Visions and Phurpa have come together for a project I was not at all expecting! The two veteran producers behind these projects bring together two very different styles for something that sounds perfectly natural to both of them. Monad is a ritual ambient release, with a heavy dose of thick spacious drones. Phurpa provides the throat singing, which is immediately and most obvious at the opening of “Ascendance”, as well as incorporating sounds from their large collection of ritual bells, chimes, etc. Visions provides, what I assume to be, the rest of the soundscapes, including drone-work and the final mix and mastering.
Visions is the most active musical project of Frédéric Arbour, the man behind the Cyclic Law record label, one of the most revered labels in the dark ambient genre. Monad is the third release from Visions, who released their debut Lapse on Cyclic Law in 2005. After the 2010 sophomore release, Summoning the Void, Frédéric Arbour put the Visions project on hold indefinitely. During this time, among other things, Arbour moved his studio space and the whole Cyclic Law headquarters from Canada to Berlin, all the while keeping the label moving forward. So, the delay in output is certainly warranted.
Phurpa is a much more enigmatic project. Phurpa was founded and led by Alexei Tegin, but also includes a number of other active members which often vary from performance to performance. Phurpa was founded with the idea of using Tegin’s knowledge of and dedication to the spiritual traditions of Bon and Dzogchen as a compass in the creation of their rituals. Phurpa use the Tibetan gyukye style of tantric overtone singing/chanting to create the foundation of their music. They add to this a variety of Tibetan ritual instruments, which again vary from album to album.
I’ve been following Phurpa for some years now, and heard a good many of their albums. But, I had yet to actually review one. Their music generally falls into a ritual ambient space that, I would say, is quite outside the realms of your usual dark ambient album. Though, the fan-bases of these types of music are so over-lapping that it makes sense to release their music on labels that are predominately dark ambient. I knew immediately on hearing the opening seconds of Monad that this release was different. “Ascendence” starts with the customary throat singing style of Phurpa, but within seconds a wall of dark ambient sound starts to form behind the vocals, and then intertwining with them, forming a dense yet earthly drone. The Tibetan ritual instruments begin to fall into place in the background. All this together evokes a deep primordial connection between the listener and the soundscapes.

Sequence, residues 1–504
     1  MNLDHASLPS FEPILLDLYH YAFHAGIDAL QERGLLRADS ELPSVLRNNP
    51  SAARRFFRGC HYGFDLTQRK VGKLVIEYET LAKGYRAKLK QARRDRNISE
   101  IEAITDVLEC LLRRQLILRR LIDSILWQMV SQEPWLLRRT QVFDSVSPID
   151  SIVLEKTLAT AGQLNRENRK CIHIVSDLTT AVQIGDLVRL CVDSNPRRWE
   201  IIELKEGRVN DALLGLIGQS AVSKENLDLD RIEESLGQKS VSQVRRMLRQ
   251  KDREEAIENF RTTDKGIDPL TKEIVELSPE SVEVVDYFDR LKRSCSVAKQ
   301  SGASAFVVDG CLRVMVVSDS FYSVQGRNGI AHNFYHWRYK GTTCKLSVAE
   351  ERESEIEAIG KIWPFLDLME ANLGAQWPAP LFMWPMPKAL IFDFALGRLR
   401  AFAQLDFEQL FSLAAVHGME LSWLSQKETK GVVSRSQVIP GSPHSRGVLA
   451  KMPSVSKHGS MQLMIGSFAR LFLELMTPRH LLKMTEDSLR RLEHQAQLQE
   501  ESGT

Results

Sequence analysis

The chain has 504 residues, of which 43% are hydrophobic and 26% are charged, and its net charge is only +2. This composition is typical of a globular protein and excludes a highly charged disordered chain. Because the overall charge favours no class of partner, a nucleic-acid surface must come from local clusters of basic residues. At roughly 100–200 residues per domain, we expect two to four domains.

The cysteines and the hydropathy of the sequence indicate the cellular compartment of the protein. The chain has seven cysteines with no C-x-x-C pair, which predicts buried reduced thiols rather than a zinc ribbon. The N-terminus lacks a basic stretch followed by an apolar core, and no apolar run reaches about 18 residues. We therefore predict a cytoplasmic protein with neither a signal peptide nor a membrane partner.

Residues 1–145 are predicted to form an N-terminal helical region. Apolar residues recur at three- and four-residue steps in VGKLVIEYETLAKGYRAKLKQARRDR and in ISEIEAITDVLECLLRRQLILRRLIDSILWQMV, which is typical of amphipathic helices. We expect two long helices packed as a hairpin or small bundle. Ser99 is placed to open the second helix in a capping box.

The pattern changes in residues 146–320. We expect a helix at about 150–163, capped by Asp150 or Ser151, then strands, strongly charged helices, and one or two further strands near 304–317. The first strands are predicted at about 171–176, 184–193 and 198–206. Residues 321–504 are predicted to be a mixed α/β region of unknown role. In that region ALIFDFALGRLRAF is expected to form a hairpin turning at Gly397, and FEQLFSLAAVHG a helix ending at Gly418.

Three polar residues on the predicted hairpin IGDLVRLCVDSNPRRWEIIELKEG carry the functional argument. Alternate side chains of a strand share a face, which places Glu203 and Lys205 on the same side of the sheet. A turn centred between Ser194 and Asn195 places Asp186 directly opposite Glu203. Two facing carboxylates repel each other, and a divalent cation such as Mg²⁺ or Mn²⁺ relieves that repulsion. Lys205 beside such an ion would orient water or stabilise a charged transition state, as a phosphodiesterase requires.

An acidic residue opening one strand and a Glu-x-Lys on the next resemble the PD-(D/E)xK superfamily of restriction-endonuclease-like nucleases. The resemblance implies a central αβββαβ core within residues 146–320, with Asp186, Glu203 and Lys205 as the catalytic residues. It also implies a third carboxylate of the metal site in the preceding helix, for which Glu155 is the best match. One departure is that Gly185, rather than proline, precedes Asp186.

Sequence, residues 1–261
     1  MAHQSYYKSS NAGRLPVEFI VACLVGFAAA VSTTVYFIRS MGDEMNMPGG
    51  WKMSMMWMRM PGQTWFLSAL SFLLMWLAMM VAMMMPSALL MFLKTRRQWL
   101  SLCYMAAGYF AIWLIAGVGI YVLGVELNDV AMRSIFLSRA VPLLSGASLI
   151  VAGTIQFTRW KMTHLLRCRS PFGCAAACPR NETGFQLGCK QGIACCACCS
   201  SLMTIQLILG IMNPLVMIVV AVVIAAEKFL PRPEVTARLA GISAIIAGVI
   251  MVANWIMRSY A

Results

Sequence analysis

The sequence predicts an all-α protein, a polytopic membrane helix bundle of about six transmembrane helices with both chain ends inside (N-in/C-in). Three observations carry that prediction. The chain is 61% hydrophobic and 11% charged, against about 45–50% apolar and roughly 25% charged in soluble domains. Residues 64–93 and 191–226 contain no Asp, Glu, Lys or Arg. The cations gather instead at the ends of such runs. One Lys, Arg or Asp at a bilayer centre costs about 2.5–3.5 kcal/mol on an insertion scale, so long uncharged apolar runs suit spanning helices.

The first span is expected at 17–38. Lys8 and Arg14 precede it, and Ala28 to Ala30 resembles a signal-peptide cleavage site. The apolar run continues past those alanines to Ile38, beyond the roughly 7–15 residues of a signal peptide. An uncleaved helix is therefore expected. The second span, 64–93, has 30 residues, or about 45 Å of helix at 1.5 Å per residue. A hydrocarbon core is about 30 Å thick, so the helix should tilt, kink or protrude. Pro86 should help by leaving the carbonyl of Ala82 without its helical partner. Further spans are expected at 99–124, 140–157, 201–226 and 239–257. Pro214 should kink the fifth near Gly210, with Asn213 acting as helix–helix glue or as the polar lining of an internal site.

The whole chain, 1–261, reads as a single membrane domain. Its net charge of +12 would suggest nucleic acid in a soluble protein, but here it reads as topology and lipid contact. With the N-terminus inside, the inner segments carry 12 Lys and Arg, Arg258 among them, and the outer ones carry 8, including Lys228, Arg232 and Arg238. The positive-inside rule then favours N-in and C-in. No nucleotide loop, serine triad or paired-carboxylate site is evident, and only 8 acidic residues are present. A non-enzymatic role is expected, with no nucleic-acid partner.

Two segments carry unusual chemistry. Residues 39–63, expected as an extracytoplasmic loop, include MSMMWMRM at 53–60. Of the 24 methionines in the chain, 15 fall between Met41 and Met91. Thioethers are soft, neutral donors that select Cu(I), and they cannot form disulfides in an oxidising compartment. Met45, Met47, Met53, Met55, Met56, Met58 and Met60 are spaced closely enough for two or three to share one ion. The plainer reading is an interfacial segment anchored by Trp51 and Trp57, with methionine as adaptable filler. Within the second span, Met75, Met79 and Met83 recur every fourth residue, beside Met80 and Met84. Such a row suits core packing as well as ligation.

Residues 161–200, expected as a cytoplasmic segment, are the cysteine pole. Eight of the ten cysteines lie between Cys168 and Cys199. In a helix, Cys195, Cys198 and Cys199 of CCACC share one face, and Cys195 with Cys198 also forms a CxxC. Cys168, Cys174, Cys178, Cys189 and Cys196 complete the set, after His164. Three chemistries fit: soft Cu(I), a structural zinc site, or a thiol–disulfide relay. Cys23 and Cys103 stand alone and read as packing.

“Fohat” takes us further into this hypnotic mélange of the ritual and the electronic. But, the drones here take on a more hollow, airy vibe, and the vocals become more submerged in the dronework. As the track progresses, everything seems to take focus, comes to a sort of crescendo, a moment of elightenment for the listener. At this point, I can’t help but feel that this track is going into territory that is similar to some of the very best works by raison d’etre. The technical prowess of Visions matched with the cosmic energy of Phurpa takes this particular sort of sacral/ritual ambient to truly impressive heights. I, also, can’t help but feel that their hearts are absolutely behind every second of this.
Starting Side B, “Monad” is a much more reserved and contemplative track than what we saw on either of the opening tracks. The drones and vocals are both calm, soothing, and again blend together impressively well, often leaving me forgetting that I’m hearing two totally different forms of “drone” at play. “Reminiscense” is more dynamic, but still incredibly calm, leaving this whole second half as perfect for background during meditation, study, etc.
Monad is the 100th Cycle on Cyclic Law. A true milestone for any label. Especially for Cyclic Law, to look back over these releases, there are so many gems of the genre here. Albums that were turning points for sub-sections of the genre, albums that have stood the test of time. If Monad is any indication of what we can expect for the next 100 Cycles, we are in for another great ride! Arbour decided on a vinyl option for this release, which works great, as the cover art is really fantastic and looks even better in the larger size, and the track lengths make for a good fit, not leaving a ton of dead space at the end of both sides. I would highly recommend this release to fans of ritual ambient, but the work by Visions done here totally warrants a listen for fans of the more traditional types of dark ambient. In the end, I could call this as much of a dark ambient release as ritual ambient. A must-hear regardless!
Written by: Michael Barnett